A police officer found marijuana in appellee's personal belongings which were in another person s apartment. The search was conducted under a search warrant. The trial court granted appellee's motion to suppress. We affirm.
In Hayes v. State, 141 Ga. App. 706 (234 SE2d 360)
. this court held that where the police had notice that they were searching the personal effects of a visitor to the premises to be searched, the search was illegal absent independent justification for a personal search. Here, there is no contention that there was independent justification for a search of appellee's belongings. The sole issue is whether the police were on notice that appellee was a visitor in the apartment and that the backpack and trunk in which the contraband was found were his.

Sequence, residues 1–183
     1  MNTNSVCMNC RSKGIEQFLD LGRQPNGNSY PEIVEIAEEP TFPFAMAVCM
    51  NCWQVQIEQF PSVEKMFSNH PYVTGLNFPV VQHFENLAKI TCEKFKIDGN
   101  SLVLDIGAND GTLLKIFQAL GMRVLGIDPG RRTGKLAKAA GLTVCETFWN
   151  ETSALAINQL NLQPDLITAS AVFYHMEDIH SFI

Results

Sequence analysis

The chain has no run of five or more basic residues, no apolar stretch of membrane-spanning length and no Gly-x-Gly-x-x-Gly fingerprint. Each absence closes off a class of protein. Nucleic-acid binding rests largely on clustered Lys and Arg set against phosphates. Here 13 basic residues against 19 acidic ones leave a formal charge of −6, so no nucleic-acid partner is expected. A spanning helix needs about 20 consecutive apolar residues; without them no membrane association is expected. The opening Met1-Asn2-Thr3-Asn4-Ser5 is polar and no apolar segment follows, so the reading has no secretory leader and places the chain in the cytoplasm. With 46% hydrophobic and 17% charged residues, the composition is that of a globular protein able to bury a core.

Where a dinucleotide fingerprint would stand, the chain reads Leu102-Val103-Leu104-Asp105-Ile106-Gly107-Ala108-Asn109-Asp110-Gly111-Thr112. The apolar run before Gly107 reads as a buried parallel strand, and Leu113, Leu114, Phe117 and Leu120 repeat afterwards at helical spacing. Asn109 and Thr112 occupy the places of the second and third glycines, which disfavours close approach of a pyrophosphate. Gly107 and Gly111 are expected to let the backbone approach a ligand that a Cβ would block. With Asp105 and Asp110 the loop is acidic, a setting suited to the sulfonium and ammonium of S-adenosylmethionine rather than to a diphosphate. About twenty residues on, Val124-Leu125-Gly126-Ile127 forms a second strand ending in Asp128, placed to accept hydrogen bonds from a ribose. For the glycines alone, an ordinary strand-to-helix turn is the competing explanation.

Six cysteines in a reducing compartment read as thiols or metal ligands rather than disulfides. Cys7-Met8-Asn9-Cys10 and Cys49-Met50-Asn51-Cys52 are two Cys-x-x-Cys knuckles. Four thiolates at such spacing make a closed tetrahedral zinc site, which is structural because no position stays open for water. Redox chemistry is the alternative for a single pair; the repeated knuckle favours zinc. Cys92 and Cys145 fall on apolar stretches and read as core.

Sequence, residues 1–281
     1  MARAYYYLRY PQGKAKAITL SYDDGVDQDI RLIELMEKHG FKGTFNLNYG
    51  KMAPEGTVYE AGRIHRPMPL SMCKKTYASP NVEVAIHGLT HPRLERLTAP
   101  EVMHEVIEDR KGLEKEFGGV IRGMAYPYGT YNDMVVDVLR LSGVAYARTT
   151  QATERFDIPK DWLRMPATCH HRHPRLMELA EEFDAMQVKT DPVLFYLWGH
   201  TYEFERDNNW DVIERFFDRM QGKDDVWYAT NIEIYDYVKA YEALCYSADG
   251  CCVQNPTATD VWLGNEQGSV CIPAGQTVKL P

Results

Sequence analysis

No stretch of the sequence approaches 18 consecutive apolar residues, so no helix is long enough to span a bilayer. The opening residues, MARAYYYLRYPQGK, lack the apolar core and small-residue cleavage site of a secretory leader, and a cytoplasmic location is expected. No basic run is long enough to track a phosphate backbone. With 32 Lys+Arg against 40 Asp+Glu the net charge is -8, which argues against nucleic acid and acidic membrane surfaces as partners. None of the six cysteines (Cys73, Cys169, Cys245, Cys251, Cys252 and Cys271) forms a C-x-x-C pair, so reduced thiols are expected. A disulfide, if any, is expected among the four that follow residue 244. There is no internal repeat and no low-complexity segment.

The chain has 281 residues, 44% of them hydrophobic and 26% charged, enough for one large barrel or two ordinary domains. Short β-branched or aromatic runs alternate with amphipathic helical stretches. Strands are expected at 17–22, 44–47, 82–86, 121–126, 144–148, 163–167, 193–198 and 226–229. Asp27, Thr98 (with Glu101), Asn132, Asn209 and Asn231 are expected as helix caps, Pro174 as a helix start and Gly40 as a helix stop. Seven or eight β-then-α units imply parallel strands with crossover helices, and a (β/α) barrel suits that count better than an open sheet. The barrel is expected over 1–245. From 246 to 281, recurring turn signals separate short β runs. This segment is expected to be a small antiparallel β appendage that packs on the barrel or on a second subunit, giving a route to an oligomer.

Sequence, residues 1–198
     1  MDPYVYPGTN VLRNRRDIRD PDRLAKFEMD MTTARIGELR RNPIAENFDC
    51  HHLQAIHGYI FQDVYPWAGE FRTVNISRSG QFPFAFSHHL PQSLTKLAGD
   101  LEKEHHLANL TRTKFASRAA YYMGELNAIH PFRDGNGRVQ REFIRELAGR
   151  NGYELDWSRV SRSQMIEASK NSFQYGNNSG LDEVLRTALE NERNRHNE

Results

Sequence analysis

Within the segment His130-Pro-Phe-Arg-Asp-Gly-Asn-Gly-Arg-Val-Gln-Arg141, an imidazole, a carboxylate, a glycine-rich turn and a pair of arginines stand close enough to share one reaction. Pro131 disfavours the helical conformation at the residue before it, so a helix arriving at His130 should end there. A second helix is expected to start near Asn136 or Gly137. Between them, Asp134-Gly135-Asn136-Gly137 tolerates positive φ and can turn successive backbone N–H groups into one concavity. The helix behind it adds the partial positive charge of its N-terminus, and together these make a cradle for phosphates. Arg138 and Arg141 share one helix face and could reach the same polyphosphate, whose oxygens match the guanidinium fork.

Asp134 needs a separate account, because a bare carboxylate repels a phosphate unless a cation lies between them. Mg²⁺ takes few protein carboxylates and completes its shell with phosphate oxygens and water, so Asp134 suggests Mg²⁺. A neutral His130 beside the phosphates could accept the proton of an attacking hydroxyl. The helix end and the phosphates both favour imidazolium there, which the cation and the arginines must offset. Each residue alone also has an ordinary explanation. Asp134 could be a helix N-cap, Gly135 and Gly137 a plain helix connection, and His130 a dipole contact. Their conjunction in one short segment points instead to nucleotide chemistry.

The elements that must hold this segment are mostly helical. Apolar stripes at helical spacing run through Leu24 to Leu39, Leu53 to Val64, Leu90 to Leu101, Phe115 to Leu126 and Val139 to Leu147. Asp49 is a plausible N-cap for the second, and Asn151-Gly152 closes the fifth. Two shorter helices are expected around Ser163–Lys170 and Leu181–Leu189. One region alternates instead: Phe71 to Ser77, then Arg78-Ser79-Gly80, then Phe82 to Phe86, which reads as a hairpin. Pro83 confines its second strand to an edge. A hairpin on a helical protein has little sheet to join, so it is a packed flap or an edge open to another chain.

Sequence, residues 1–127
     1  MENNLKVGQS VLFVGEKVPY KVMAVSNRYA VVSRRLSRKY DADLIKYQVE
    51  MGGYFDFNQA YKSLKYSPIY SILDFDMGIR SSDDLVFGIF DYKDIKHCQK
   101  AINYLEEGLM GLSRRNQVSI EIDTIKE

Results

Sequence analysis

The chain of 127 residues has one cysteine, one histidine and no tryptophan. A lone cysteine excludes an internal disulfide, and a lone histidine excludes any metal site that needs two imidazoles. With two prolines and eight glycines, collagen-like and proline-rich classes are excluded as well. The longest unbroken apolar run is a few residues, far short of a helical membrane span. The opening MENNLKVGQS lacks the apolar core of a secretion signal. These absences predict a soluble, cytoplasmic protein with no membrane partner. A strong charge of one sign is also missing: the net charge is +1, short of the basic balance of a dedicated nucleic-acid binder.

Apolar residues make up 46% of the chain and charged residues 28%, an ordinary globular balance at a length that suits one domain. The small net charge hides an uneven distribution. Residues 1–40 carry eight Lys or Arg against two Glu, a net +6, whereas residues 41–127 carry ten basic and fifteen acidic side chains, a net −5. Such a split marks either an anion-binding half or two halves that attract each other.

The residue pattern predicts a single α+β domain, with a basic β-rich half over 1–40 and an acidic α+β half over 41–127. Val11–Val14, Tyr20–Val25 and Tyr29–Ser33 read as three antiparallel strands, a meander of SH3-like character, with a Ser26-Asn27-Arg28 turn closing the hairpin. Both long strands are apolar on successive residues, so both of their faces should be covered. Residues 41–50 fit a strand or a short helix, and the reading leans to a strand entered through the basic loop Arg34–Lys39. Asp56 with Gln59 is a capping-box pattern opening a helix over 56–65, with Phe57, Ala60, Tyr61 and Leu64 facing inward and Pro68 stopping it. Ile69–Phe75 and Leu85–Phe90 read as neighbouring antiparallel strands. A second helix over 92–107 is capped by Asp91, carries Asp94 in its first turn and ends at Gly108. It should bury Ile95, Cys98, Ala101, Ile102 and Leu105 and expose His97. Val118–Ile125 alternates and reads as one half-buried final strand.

The evidence at the suppression hearing was the testimony of the officer who found the marijuana and the transcript of appellee's committal hearing. The only pertinent evidence from the transcript, which was stipulated into evidence, was the testimony of the same officer who testified at the suppression hearing. That officer's testimony lacked internal consistency on the question of notice of appellee's ownership of the backpack and trunk and appellee's nonresidency.
"Although the arresting officer was the only witness to testify at the hearing, '[t]he credibility of the witness is for the trial judge's determination. Simmons v. State, 111 Ga. App. 553
, 554 (142 SE2d 308
); Goggans v. State, 14 Ga. App. 822 (82 SE 357)
. His judgment will not be disturbed by a reviewing court if there is any evidence to support it. West v. West, 228 Ga. 397
, 398 (185 SE2d 763
).' State v. Swift, 232 Ga. 535 (207 SE2d 459)
." State v. Godfrey, 143 Ga. App. 532
There was some evidence here that the officer was on notice of appellee's ownership of the backpack and trunk and of appellee's nonresidence.
Saliba & Newsom, George M. Saliba, for appellee.